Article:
“The first gathering in the garden of salads, radishes and herbs made me feel like a mother about her baby — how could anything so beautiful be mine. And this emotion of wonder filled me for each vegetable as it was gathered every year. There is nothing that is comparable to it, as satisfactory or thrilling, as gathering the vegetables one has grown.”

— Alice B. Toklas

One of the most robust and readily available local crops right now is radishes. They grow prolifically, quickly progressing from seed to maturity in 30-45 days. A member of the mustard family, radishes  possess a peppery flavor profile that make them quite well suited to a number of preparations.

Cultivated for thousands of years, radishes were first grown in China, as well as in ancient Egypt and Greece. Radishes were so highly revered by the Greeks, that  they produced gold replicas to offer up to their god Apollo. And in ancient Egypt, radishes were used as currency to pay the laborers who toiled away constructing the great Pyramids.

The radish has even played a starring role in literature, when in Gone with the Wind, a starving Scarlett O’Hara clutches a radish ripped from the nearly barren ground, and declares, “As God is my witness, I’ll never be hungry again.”

While those ancient Greeks preferred to serve up their radishes with honey and vinegar, today’s conscious cooks enjoy this crisp, exceptionally low-calorie, low-fat vegetable in a variety of savory summer dishes. With a 95 percent water content, radishes are naturally cooling and wonderfully hydrating , a perfect antidote to a sultry day.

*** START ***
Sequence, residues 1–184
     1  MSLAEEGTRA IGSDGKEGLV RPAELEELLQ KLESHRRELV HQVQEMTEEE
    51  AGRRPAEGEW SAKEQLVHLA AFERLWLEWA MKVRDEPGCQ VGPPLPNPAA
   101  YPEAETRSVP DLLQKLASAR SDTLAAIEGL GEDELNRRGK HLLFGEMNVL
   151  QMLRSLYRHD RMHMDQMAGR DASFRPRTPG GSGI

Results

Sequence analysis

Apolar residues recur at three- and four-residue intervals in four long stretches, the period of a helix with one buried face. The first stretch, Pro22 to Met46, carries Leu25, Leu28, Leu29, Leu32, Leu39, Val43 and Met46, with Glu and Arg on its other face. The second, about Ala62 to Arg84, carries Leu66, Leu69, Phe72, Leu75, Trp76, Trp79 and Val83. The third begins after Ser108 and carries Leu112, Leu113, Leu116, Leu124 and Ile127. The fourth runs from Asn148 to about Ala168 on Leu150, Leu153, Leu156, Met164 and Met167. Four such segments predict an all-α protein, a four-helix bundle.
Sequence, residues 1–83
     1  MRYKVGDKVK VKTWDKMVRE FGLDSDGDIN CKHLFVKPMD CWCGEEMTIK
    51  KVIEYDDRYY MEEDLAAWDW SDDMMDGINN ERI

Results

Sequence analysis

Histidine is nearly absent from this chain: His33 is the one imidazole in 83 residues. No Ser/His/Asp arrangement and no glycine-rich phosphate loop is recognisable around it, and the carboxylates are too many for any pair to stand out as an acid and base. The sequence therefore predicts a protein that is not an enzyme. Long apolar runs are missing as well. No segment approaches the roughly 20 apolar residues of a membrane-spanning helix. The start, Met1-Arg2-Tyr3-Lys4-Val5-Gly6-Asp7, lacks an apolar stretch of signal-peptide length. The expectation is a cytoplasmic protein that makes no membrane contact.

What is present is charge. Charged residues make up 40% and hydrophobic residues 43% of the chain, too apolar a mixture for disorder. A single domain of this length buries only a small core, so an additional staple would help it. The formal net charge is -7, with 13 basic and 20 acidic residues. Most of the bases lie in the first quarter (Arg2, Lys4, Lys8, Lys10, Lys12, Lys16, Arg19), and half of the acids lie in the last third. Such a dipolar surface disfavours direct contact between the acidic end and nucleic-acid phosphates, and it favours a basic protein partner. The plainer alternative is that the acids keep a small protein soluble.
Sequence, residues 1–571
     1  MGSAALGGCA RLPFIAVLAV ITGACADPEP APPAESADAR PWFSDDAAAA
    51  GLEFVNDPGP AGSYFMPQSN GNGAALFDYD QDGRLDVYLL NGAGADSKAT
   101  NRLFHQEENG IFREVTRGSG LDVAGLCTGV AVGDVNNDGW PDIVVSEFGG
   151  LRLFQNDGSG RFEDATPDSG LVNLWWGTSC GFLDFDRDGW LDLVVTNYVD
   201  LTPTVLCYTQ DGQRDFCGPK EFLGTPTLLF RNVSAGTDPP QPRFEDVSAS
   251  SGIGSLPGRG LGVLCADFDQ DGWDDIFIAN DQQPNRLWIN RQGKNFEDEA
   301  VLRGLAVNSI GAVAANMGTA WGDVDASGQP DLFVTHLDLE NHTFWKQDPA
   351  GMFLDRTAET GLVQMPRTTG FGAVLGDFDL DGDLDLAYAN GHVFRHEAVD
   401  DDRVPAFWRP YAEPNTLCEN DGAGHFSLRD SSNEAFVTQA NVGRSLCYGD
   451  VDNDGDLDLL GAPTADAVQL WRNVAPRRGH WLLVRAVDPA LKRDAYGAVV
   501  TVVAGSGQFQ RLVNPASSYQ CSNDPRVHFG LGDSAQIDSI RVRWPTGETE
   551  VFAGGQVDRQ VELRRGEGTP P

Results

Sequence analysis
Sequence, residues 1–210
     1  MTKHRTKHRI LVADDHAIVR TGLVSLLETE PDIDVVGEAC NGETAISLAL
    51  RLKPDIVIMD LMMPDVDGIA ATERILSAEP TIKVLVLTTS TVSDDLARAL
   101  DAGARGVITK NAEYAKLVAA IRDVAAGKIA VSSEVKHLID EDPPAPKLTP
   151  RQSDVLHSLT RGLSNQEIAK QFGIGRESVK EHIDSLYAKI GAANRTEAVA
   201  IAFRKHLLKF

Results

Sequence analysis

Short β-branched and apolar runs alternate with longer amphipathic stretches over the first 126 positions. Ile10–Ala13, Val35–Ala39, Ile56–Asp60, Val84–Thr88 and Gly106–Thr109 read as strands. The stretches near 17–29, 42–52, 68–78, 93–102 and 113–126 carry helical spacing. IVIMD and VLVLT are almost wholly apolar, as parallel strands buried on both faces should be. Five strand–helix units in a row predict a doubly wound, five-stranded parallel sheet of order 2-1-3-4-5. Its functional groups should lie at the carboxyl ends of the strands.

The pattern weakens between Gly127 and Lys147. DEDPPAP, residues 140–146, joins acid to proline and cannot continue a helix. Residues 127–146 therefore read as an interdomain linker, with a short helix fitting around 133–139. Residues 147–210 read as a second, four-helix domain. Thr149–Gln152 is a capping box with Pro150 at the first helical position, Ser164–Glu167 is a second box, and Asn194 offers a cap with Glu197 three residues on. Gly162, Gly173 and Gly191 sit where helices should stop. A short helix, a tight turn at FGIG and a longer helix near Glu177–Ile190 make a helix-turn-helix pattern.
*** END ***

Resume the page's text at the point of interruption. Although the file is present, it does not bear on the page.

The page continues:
Radishes can be a natural cleansing agent for the digestive system, helping to break up stagnant food and toxins; their high vitamin C content also offers natural cleansing effects. Radishes may provide a calming effect on the digestive system, relieving bloating and indigestion. With a plethora of phytonutrients, fiber, vitamins and minerals, radishes may also help ward off cancerous cells.

Enjoy the healthy benefits of radishes by preparing perfect snacks such as freshly picked or purchased radishes smeared with a bit of good unsalted butter and sprinkled with sea salt.  Whole radishes can assume a place of honor on any fresh vegetable tray, their cherry-red roundness adding bright color and captivating crunch. Radishes pair quite nicely with rosé wine, a summer favorite, and offering this combo to dinner guests will stimulate gastric juices without denting the appetite. Finely chop radishes and mix with light cream cheese or goat cheese for a spread with a bit of spark.  A tea sandwich of high quality dark or whole-grain bread spread with boursin cheese and layered with thinly sliced radish and soft butter lettuce will be welcomed at any baby or bridal shower this June.

Enjoy the robust and ravishing radish as you prepare your delicious life.

Riviera Radishes

Makes 20 pieces.

10 slices prosciutto

20 radishes (if you can find French Breakfast radishes, use those)

extra-virgin olive oil

red wine vinegar

freshly cracked black pepper

Wrap 1/2 slice of prosciutto around each radish. Lay on a serving platter and drizzle with olive oil, red wine vinegar, and a generous grinding of black pepper.

Robin Glowa, HHC, AADP, The Conscious Cook, is a passionate food and wellness professional who earned her certification in holistic health counseling from the Institute for Integrative Nutrition and Columbia University Teacher’s College. She earned her cooking experience in the kitchen! Robin specializes in teaching healthy cooking classes to children and adults utilizing fresh, natural ingredients and super simple, extra delicious recipes. She also conducts cooking demonstrations for many local organizations and is available for cooking parties and private instruction as well. For more information go to www.theconsciouscook.net.

Robin’s blog is confessionsofaconsciouscook.blogspot.com